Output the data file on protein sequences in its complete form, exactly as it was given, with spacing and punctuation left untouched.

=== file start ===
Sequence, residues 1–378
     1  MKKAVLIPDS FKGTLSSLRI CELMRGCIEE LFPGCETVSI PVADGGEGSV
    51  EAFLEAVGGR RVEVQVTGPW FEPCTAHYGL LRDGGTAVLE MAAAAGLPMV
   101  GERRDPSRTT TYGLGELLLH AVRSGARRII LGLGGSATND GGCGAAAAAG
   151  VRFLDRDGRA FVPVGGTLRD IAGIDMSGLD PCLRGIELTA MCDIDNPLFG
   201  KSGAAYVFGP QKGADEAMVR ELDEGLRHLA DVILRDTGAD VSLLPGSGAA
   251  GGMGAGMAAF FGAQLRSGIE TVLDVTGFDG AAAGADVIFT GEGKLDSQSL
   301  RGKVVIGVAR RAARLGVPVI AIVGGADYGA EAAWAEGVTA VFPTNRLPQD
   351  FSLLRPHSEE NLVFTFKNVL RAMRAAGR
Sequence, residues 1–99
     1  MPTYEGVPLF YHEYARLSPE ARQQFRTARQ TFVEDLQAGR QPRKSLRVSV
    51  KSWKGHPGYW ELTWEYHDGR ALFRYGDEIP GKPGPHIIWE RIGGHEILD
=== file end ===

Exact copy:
Sequence, residues 1–378
     1  MKKAVLIPDS FKGTLSSLRI CELMRGCIEE LFPGCETVSI PVADGGEGSV
    51  EAFLEAVGGR RVEVQVTGPW FEPCTAHYGL LRDGGTAVLE MAAAAGLPMV
   101  GERRDPSRTT TYGLGELLLH AVRSGARRII LGLGGSATND GGCGAAAAAG
   151  VRFLDRDGRA FVPVGGTLRD IAGIDMSGLD PCLRGIELTA MCDIDNPLFG
   201  KSGAAYVFGP QKGADEAMVR ELDEGLRHLA DVILRDTGAD VSLLPGSGAA
   251  GGMGAGMAAF FGAQLRSGIE TVLDVTGFDG AAAGADVIFT GEGKLDSQSL
   301  RGKVVIGVAR RAARLGVPVI AIVGGADYGA EAAWAEGVTA VFPTNRLPQD
   351  FSLLRPHSEE NLVFTFKNVL RAMRAAGR
Sequence, residues 1–99
     1  MPTYEGVPLF YHEYARLSPE ARQQFRTARQ TFVEDLQAGR QPRKSLRVSV
    51  KSWKGHPGYW ELTWEYHDGR ALFRYGDEIP GKPGPHIIWE RIGGHEILD